The French seem to be well-prepared for the grey, snowy weather that’ been hitting the country since December. I have often found myself watching the traffic problems at Paris airports on the evening news, skating across the icy sidewalks, and shivering under temperatures of around 20-30 degrees Fahrenheit. Needless to say, I readily accepted invitations to the dinner tables of many welcoming French friends for a variety of warm, heavy dishes, or what I call “French Winter Comfort Food.”
My favorite, without a doubt, is the raclette, which requires a special hot plate and small triangular dishes with handles; a slice of white cheese is placed on the dish, which is placed on the hot plate, which creates a bubbly, melted deliciousness that is then scraped over chopped cooked potatoes. While waiting for the cheese to melt, we munch on slices of cold cuts and small pickles and sip some white wine.
I also love fondue, and an investment in a colorful fondue machine complete with skewers and little bowls that rotate around the center was money well spent. My hosts grabbed some fresh baguette from the bread shop at 6:30pm, chopped it into pieces, mixed and slowly cooked together three cheeses (Emmenthal, Compté, and Beaufort), a pinch of garlic, and some white Alsace wine; dinner was ready by seven, and I was full of delicious cheese-soaked baguette by eight.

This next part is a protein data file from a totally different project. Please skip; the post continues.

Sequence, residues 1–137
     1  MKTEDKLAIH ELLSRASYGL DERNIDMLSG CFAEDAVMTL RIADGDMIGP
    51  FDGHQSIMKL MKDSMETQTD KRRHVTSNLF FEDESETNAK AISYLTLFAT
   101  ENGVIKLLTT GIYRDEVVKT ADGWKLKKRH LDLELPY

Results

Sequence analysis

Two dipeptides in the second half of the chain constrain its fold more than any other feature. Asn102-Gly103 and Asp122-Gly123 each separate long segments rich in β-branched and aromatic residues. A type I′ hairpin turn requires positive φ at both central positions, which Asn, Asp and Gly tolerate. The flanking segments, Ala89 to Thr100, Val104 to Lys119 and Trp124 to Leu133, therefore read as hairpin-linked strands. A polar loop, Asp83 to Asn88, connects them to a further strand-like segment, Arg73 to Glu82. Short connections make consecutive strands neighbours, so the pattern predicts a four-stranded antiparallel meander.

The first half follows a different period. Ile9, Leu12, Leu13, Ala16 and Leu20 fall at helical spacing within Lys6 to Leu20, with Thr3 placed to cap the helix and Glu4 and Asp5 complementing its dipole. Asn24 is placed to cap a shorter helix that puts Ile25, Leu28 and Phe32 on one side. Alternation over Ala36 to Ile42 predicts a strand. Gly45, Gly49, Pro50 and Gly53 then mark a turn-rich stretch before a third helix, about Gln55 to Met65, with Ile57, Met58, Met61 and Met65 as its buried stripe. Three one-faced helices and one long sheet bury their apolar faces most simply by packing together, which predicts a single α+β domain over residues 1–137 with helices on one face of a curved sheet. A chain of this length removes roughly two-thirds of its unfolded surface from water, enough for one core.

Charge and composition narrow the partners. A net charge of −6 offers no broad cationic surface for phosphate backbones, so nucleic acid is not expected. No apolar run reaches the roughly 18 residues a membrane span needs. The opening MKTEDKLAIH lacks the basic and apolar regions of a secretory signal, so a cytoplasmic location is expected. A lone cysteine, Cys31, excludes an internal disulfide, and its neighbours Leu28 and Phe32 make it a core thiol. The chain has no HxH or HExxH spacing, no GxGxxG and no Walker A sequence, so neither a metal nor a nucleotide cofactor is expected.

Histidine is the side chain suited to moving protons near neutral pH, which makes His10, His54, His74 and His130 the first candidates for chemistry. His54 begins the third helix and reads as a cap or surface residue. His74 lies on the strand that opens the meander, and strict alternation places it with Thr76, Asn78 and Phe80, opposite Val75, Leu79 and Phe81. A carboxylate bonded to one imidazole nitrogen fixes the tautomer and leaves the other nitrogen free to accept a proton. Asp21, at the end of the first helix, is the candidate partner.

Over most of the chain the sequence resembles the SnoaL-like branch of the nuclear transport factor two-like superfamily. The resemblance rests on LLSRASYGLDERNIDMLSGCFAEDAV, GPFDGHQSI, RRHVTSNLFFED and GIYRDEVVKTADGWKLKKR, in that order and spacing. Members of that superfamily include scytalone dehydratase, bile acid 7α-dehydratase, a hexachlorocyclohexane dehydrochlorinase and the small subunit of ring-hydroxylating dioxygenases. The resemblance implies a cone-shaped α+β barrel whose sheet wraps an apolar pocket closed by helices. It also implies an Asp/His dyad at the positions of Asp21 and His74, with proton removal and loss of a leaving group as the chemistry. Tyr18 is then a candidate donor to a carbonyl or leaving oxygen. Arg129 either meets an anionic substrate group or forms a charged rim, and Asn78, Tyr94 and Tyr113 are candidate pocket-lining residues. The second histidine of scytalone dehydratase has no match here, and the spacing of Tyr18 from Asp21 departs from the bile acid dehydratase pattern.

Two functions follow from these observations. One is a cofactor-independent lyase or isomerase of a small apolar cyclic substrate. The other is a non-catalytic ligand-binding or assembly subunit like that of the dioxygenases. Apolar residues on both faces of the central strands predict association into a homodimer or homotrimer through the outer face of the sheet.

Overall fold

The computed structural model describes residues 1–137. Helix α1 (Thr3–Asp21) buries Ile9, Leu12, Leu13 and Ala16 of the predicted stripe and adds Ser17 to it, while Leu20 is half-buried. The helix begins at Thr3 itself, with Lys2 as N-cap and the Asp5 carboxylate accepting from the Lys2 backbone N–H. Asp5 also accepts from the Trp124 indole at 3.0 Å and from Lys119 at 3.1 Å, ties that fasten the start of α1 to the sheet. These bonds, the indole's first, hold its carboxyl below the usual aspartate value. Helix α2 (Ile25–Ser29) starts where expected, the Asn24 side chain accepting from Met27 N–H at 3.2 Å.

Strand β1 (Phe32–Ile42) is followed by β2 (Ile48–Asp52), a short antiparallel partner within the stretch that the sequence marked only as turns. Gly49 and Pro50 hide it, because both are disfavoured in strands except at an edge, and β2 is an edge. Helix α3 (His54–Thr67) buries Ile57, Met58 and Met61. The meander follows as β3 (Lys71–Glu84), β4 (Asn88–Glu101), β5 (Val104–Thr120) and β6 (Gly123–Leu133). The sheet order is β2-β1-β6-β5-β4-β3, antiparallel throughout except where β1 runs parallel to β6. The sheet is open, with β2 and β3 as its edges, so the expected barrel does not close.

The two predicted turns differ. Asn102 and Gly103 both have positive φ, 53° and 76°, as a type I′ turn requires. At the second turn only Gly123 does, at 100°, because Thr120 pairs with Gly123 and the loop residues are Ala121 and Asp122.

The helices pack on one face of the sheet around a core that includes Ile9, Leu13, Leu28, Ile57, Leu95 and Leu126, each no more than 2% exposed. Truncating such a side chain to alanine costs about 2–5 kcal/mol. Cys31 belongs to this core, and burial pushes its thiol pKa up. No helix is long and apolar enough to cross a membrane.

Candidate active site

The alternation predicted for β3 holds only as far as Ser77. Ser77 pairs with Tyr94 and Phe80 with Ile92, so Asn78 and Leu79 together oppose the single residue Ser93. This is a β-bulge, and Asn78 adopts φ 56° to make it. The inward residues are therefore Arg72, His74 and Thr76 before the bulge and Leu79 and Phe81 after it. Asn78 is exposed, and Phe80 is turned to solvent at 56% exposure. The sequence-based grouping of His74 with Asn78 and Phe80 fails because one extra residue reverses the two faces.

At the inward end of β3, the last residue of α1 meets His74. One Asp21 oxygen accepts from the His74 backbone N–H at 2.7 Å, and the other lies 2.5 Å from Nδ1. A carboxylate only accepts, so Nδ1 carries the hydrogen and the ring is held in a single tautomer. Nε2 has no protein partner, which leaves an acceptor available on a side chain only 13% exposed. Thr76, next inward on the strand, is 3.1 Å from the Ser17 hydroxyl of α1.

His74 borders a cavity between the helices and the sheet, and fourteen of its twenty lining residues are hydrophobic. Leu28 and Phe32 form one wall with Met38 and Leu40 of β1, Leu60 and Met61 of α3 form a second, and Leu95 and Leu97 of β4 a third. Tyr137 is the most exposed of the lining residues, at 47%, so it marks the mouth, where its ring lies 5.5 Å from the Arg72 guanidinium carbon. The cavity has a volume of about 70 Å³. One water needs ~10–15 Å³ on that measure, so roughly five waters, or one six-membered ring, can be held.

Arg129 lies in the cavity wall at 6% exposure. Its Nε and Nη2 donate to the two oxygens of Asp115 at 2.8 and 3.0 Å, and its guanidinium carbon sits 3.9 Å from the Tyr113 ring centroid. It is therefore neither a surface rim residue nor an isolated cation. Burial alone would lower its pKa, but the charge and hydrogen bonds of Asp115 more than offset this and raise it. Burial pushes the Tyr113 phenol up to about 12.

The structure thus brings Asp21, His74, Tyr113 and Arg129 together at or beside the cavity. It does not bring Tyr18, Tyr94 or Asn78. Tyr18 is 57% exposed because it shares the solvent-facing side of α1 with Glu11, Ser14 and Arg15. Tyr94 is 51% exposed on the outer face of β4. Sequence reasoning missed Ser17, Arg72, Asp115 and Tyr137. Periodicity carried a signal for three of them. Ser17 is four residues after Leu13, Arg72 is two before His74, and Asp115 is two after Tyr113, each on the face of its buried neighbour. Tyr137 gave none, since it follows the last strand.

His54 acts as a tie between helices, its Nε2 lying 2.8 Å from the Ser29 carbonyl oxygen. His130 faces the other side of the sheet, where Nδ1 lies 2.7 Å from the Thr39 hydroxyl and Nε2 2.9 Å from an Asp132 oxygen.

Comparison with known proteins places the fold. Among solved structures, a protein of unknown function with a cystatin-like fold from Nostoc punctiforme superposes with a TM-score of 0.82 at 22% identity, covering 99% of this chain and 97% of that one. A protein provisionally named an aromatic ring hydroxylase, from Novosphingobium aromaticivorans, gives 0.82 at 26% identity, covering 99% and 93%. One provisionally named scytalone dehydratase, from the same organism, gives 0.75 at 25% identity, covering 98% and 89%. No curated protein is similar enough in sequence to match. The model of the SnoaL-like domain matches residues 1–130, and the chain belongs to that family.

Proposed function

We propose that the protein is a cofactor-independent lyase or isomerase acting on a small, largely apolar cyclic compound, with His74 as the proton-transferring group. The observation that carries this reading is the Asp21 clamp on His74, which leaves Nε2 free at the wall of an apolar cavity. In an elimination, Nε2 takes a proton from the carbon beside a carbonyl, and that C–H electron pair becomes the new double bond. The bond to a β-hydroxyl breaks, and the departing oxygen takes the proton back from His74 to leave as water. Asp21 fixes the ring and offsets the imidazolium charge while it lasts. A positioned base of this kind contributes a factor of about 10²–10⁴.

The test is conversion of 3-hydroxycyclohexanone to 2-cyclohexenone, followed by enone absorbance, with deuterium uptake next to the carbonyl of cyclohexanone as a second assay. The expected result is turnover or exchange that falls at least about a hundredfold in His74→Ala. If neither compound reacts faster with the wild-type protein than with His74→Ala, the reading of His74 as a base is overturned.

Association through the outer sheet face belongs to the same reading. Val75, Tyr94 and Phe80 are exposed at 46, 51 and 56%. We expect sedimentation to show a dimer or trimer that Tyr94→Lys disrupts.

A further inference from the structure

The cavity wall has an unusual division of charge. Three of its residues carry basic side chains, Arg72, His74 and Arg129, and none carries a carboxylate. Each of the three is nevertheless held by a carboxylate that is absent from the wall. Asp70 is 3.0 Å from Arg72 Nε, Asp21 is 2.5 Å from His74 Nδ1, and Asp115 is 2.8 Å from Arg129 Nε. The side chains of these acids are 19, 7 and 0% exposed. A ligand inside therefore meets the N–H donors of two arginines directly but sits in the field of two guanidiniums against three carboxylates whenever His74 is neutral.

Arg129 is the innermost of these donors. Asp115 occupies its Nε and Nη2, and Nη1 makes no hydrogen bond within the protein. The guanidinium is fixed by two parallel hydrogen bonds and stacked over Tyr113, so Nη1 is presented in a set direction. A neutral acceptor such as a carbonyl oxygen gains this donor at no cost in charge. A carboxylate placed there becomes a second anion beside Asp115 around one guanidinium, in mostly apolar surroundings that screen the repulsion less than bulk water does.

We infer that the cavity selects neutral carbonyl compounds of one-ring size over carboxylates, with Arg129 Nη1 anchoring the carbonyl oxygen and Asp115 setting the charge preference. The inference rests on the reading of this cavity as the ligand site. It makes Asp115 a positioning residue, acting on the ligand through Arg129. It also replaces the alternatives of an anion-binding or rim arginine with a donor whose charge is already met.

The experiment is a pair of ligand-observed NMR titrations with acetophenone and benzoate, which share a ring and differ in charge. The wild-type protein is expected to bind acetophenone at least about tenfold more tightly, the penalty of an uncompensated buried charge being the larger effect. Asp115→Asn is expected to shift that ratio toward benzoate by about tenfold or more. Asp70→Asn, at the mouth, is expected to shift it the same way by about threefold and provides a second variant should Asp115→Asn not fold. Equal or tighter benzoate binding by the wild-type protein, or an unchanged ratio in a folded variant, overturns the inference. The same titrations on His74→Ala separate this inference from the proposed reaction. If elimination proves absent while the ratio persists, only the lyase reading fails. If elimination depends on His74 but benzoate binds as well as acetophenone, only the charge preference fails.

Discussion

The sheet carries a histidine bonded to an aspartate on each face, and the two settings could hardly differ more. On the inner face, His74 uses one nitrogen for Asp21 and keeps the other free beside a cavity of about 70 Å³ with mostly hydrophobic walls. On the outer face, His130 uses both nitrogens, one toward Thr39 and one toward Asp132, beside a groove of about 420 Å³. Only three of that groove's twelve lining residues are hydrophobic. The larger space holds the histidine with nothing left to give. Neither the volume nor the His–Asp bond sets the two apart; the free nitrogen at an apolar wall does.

Recent Alsacien discoveries include a variety of thick wild mushroom soups served as appetizers; sheep’s stomach stuffed with a meat paste, tiny sliced vegetables, and diced potatoes; and horse (indeed a traditional dish here!).
I also sampled a variety of heavy jambonneau, a knuckle of braised pork served with potato salad at Restaurant Le Vigne (14 Rue de Sébastopol 67000 Strasbourg, France 03 88 22 01 09). The restaurant is a winstub, atraditional Alsacien bistrot. Winstubs were at one time wine bars where artists, businessmen and other creative individuals would come to discuss their projects in a cozy, easygoing atmosphere.